Not every employer knows how to deal with a difficult employee or with the potentially dangerous aftermath after they’re fired, but the Canadian Federation of Independent Business (CFIB) is reminding businesses it offers counselling services when it comes to human resources issues and policies.
“Certainly keeping employees safe is (the) number-one priority,” said CFIB’s Marilyn Braun-Pollon.
On Wednesday, a man who was fired from a television station in Virginia shot and killed his former co-workers on live TV. As well, police in Yorkton arrested a man Tuesday night after they found explosives in his home, saying he threatened his former boss.Braun-Pollon said the CFIB has a document outlining a number of items surrounding human resources, including attendance and social media policies, along with exit interviews.
The CFIB can recommend how to properly and safely discipline or fire employees. Letting employees go should be done with care and respect, focused on performance and not personality, she explained, while helping them try obtain another job.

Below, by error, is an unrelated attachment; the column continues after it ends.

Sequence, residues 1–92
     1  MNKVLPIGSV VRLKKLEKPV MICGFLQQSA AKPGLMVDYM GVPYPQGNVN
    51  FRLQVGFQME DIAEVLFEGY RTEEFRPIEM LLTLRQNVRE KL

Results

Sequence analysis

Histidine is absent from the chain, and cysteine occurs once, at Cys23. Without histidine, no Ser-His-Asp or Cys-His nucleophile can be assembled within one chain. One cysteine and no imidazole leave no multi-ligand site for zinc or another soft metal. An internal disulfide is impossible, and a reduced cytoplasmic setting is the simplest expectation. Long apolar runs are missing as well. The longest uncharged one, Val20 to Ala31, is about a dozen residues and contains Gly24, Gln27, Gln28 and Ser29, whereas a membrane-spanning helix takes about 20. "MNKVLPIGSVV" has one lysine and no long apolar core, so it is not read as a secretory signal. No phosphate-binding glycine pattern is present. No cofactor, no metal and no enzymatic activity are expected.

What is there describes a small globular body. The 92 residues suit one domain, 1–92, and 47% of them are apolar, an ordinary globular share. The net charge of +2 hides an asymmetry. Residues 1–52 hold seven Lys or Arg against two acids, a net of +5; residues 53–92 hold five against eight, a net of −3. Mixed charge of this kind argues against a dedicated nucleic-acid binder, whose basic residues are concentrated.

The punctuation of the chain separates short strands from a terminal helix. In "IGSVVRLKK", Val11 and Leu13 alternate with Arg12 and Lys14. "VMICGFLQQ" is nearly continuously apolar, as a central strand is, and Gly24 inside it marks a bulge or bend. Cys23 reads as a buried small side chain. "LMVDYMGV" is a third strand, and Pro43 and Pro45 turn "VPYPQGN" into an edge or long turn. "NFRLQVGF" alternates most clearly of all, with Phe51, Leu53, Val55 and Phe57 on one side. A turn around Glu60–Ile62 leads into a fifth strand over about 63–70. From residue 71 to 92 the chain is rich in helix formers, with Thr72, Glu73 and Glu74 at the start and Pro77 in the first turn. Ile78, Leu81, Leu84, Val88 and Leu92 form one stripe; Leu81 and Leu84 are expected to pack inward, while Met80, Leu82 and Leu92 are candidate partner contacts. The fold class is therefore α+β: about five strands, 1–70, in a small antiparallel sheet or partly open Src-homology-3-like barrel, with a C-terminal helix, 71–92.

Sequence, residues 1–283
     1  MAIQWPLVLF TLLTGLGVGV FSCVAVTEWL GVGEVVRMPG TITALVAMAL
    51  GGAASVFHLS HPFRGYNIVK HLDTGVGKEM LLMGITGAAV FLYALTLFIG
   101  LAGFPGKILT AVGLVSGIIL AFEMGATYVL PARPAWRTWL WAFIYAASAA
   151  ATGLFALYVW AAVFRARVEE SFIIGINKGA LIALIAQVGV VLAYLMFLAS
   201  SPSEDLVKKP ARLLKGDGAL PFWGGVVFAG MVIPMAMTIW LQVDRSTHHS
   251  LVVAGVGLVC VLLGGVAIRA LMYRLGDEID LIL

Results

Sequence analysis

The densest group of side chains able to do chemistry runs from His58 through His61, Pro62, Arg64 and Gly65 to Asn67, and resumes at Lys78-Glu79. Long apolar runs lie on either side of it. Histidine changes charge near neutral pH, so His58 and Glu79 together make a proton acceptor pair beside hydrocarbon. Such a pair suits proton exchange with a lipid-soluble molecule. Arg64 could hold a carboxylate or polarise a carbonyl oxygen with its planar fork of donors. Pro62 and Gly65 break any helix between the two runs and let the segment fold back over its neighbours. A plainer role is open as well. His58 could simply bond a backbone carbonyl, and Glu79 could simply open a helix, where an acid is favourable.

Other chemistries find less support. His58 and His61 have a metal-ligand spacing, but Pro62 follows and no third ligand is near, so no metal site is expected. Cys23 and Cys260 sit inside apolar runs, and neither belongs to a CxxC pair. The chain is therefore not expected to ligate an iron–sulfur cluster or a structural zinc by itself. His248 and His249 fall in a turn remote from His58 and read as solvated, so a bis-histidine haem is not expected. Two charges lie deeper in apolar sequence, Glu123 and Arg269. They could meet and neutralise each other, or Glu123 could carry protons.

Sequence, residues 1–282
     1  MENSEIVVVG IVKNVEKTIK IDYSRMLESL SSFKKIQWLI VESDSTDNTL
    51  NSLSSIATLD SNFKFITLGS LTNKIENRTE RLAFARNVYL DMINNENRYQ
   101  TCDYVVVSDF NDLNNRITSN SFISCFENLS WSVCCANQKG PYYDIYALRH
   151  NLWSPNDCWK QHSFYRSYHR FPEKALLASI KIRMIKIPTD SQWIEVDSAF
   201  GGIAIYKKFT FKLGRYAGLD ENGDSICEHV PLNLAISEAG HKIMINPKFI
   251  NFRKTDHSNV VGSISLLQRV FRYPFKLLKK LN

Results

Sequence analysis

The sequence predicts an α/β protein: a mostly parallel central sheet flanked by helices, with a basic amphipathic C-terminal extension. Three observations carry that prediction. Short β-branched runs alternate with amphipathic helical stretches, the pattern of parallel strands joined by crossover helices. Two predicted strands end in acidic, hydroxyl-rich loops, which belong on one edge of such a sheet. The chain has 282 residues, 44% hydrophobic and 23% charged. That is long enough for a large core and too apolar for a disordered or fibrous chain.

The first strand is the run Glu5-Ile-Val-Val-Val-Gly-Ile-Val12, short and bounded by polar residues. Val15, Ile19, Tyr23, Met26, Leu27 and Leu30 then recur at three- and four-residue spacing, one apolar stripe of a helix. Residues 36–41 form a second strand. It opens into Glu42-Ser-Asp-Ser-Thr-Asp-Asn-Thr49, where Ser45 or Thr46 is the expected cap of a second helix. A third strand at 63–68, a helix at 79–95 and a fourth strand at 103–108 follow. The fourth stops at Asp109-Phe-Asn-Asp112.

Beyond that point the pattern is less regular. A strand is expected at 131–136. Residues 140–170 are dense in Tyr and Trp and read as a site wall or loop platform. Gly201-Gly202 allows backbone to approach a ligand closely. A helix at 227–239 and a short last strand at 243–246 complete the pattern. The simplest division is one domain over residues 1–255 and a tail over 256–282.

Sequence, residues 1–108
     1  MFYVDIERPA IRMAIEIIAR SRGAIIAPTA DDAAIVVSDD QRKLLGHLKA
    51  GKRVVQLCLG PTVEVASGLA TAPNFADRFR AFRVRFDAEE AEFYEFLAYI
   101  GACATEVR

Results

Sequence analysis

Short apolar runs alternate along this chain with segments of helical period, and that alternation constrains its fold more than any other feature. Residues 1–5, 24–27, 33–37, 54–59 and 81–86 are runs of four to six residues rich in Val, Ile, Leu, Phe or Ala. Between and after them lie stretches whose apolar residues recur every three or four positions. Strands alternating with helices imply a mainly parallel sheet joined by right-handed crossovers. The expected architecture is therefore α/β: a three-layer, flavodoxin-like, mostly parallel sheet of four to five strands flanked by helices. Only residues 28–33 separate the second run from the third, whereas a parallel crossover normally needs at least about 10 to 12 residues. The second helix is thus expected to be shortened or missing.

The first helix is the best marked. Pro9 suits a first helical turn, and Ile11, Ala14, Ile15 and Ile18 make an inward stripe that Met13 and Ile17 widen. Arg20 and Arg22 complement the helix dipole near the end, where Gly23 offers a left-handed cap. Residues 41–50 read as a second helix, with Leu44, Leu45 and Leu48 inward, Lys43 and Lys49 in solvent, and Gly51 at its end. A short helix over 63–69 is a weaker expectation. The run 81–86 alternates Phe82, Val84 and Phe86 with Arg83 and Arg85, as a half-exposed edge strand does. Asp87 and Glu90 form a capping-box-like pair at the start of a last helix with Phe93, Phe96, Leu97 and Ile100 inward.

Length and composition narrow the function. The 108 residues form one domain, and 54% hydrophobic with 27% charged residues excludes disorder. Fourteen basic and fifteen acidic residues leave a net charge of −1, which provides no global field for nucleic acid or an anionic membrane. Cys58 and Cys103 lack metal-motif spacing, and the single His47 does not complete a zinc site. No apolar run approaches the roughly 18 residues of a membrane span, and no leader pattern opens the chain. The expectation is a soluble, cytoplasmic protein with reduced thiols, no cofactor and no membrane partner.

Once a worker is terminated, Braun-Pollon explained how keys and access codes should be changed, employee schedules and personal details secured, and police alerted immediately if any threats are made.
“Many of them are common sense but also just making sure you have those processes in place of limiting access to the workplace by that former employee is critical,” said Braun-Pollon. “We’re really here to kind of take the mystery out of H.R.-related issues which many of our business owners are, you know less than five employees, and often many of them don’t have that expertise.”
Each business should have an emergency plan in place that’s reviewed annually, she added.